After a lengthy public hearing that stretched late into the evening, Edmonton city council approved a modified proposal to build a condo tower near Grandin School in the Oliver neighbourhood — against the recommendation of city administration.
The tower, called “The View,” would be on a 16,000-square-foot lot at 111 Street and 99 Avenue, adjacent to the Grandin LRT Station.
The approved design is a downsized version of a 30-storey tower developer Westrich Pacific Corp. had proposed in 2017, which was rejected by council over concerns about the small lot size and how it would block the sky for residents to the south.
Since then, Westrich Pacific has shaved several storeys off the building located a few blocks west of the Alberta Legislature, bringing it to 23 storeys. The redesigned tower has 178 units, including a handful of “family-friendly” three or four-bedroom units.
David Sanche, a director with Westrich Pacific, said the company worked with the community league to redesign the proposed tower. Sanche said there was some back and forth communication, including going back to the drawing board with Vancouver-based Chris Dikeakos Architects, before both sides were happy with the final design.
“Other than the height, everything else that they have asked for — whether it’s community gardens, green space, bike parking — a whole list of 17 or 18 or 19 items, all of it we have done,” Sanche said at city hall Monday night.
Westrich Pacific is based in Edmonton but also builds in Vancouver. Sanche said the difference between building in the two cities is like night and day, adding Edmonton’s city administration has been very resistant to change.
“The planning department in Vancouver, they work with you, they look at context of an area. The don’t just look at the individual site by itself. They say, ‘Ok, let’s look at all of the properties in the area. Let’s look and see how your tower fits in with everything in the area. Not just the site by itself.'”
That’s one thing the Sanche feels Edmonton administration overlooked on its application and said the city needs to consider the broader context of the development.
“We believe it fits in really well, we believe it’s good for the city — it’s next to an LRT station,” Sanche said.
“They say, ‘Well, go build on a bigger site.’ I’ve demonstrated over and over, this six-block radius is finished. You don’t build on top of a church; you don’t build on top of a school; you don’t build on top of a bridge. It’s done. There’s no more land.”
Sanche added one of the biggest complaints he has heard about downtown is the lack of new, quality, affordable housing. He said in order for retail and commercial in downtown to thrive, you need to offer attractive housing options.
“You can’t thrive and be an attractive city without residents.”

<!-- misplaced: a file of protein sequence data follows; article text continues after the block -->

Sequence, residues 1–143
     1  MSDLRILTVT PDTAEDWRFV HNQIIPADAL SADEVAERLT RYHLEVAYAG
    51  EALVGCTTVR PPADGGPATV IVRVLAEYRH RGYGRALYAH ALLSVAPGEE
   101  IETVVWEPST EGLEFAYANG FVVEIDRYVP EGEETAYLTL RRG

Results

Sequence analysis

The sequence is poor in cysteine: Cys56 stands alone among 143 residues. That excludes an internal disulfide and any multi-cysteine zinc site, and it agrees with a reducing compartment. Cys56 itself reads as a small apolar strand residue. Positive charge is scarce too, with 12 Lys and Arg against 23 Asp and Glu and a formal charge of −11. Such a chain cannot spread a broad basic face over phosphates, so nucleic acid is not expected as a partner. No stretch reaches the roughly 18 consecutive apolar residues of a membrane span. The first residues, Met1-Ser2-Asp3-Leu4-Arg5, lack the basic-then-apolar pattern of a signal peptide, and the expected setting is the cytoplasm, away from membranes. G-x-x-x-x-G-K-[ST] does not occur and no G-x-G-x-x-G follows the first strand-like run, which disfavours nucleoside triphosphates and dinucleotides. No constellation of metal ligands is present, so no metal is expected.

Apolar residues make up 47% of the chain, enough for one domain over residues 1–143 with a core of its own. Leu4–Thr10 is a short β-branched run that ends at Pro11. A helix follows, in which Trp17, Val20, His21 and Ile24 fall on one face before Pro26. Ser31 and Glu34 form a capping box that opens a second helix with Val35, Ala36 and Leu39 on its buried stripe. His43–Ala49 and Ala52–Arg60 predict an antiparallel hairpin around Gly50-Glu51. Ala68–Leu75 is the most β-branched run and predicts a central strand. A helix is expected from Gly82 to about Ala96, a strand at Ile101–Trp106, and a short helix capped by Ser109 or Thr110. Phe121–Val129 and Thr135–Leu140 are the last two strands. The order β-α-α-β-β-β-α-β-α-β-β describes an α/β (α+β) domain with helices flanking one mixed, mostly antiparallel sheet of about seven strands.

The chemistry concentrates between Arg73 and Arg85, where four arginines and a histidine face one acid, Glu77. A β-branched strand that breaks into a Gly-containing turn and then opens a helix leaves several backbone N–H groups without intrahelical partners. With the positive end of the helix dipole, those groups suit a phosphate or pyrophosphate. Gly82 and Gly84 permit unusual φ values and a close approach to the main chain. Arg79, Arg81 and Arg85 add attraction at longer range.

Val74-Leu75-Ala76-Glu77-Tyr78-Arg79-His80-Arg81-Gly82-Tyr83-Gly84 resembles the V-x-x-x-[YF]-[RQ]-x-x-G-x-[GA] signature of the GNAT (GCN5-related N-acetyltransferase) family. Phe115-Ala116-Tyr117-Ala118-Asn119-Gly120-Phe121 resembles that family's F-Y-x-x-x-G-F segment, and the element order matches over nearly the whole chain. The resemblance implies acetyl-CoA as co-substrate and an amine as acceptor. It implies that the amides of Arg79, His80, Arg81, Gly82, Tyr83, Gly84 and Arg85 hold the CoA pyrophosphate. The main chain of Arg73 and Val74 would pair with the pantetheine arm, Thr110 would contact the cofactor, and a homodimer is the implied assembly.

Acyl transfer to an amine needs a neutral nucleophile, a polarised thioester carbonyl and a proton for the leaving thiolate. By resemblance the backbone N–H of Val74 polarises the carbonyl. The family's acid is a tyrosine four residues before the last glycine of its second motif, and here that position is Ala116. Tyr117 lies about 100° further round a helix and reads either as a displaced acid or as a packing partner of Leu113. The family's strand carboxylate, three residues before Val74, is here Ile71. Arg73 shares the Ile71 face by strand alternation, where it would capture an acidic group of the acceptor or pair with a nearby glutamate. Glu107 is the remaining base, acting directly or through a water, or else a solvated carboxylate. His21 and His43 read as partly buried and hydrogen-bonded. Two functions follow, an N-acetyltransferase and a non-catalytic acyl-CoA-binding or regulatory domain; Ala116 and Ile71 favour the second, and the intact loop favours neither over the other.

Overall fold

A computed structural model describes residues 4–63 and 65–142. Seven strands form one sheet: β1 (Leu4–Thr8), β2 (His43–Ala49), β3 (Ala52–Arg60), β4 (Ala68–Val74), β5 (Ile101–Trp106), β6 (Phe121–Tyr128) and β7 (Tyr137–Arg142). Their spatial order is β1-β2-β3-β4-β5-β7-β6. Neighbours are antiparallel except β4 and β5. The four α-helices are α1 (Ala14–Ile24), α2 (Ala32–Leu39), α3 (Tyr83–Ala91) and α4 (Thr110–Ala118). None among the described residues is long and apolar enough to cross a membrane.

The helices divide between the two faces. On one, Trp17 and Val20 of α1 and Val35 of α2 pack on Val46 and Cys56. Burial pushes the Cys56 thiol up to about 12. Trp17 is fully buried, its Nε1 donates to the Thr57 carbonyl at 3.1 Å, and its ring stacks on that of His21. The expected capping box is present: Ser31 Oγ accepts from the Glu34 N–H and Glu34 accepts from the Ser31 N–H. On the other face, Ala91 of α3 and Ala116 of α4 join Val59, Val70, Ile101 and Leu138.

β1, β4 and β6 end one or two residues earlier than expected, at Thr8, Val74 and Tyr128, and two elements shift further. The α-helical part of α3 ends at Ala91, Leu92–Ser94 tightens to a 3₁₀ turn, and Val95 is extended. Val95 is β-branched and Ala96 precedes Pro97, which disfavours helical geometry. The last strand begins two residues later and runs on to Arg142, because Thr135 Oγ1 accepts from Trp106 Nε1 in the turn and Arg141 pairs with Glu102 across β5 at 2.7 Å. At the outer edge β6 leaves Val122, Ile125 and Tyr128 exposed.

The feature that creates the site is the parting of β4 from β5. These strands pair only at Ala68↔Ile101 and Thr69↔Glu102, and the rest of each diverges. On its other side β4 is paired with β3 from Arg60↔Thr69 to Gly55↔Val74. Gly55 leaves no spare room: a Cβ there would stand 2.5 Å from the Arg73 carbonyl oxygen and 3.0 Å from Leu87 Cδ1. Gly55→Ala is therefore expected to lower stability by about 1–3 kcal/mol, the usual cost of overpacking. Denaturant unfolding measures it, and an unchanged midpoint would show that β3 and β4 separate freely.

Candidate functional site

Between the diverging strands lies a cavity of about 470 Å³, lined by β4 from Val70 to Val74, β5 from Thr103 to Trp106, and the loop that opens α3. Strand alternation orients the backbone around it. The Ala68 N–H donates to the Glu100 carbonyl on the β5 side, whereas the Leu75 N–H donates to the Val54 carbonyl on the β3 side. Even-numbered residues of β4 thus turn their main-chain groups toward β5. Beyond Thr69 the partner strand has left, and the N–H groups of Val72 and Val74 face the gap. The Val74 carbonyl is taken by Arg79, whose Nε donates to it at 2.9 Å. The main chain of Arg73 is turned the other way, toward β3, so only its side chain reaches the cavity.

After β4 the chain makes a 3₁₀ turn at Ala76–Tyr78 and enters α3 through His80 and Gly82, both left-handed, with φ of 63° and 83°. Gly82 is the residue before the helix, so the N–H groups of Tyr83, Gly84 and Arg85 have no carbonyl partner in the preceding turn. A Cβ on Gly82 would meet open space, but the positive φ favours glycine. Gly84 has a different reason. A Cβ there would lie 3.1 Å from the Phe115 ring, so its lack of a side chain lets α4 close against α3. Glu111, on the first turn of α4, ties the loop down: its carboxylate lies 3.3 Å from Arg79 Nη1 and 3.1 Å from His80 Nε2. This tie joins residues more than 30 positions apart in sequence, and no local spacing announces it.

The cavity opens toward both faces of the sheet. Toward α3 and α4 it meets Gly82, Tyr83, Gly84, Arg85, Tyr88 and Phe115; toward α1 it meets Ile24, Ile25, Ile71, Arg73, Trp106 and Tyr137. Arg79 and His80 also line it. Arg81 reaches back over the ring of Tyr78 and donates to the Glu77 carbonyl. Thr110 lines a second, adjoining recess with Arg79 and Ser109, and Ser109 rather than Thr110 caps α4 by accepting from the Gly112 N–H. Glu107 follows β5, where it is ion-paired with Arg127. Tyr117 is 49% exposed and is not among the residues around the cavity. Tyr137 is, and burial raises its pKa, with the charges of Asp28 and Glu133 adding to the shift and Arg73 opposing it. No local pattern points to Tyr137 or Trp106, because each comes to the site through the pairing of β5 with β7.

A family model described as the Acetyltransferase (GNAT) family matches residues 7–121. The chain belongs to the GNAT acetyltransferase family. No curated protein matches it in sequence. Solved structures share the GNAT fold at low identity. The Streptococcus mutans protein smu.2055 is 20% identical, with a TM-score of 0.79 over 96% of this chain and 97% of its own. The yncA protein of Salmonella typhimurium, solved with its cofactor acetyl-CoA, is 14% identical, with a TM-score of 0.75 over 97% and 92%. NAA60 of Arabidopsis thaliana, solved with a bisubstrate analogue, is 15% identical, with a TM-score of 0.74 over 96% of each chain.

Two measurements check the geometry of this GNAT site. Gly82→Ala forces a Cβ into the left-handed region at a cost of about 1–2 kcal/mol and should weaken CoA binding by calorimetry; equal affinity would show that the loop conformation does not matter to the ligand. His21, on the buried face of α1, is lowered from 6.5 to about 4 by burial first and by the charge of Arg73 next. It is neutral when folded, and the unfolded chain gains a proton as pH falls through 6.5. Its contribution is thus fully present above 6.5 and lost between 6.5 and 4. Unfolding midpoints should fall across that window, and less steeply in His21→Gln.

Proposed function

Richard Bernstein with Chris Dikeakos Architects was also at city hall Monday for the revised pitch, which he described as “slim and elegant.”
“We feel this is a neighbourhood waiting to happen because it is two minutes from downtown Edmonton,” Bernstein said.
“If you look at North American cities across the board, neighbourhoods that are very close to the downtown business centre — those are neighbourhoods that are in transition. They are going to be changing — there will be some growing pains with some of that — but if you hold up a standard for design excellence, you’re going to get good product.”
“We feel this site is appropriately scaled,” Bernstein stressed.
Oliver Community League president Lisa Brown said they rejected the original proposal, but settled at feeling neutral about the redesign after improvements were added.
“I think ultimately the site is definitely over-development of a small site,” Lisa Brown said.
“It’s on a narrow street in a primarily residential area of Oliver. We prefer to see large towers located on Jasper Avenue and 104 Avenue. There are a few other streets that could accommodate, maybe 116 Street.”
Many residents who attended Monday’s council meeting opposed the plan. Their complaints included the tower affecting their views, increased traffic congestion, and the building’s height.
“We’re not against development,” said Randi Mewhort, a resident who lives next door and is not impressed with what she sees. “What we are against is bad design and poor choices in development, and this is really an over-development of a small site.”
Mewhort said while the setback has been increased, the height has only decreased by about 15 metres. Her biggest concern is the closure of an alley.
Mewhort said a 10- to 12-storey building would be more reasonable.
“I think it’s the best of a bad job. This site is too small for this development. But the developer is quite committed to maximizing what they are doing, and I think it’s a poor choice.”
City planning staff panned the design, because that particular area has low rise apartments and residential homes one fifth of what is being proposed.
Westrich Pacific hopes to break ground next year.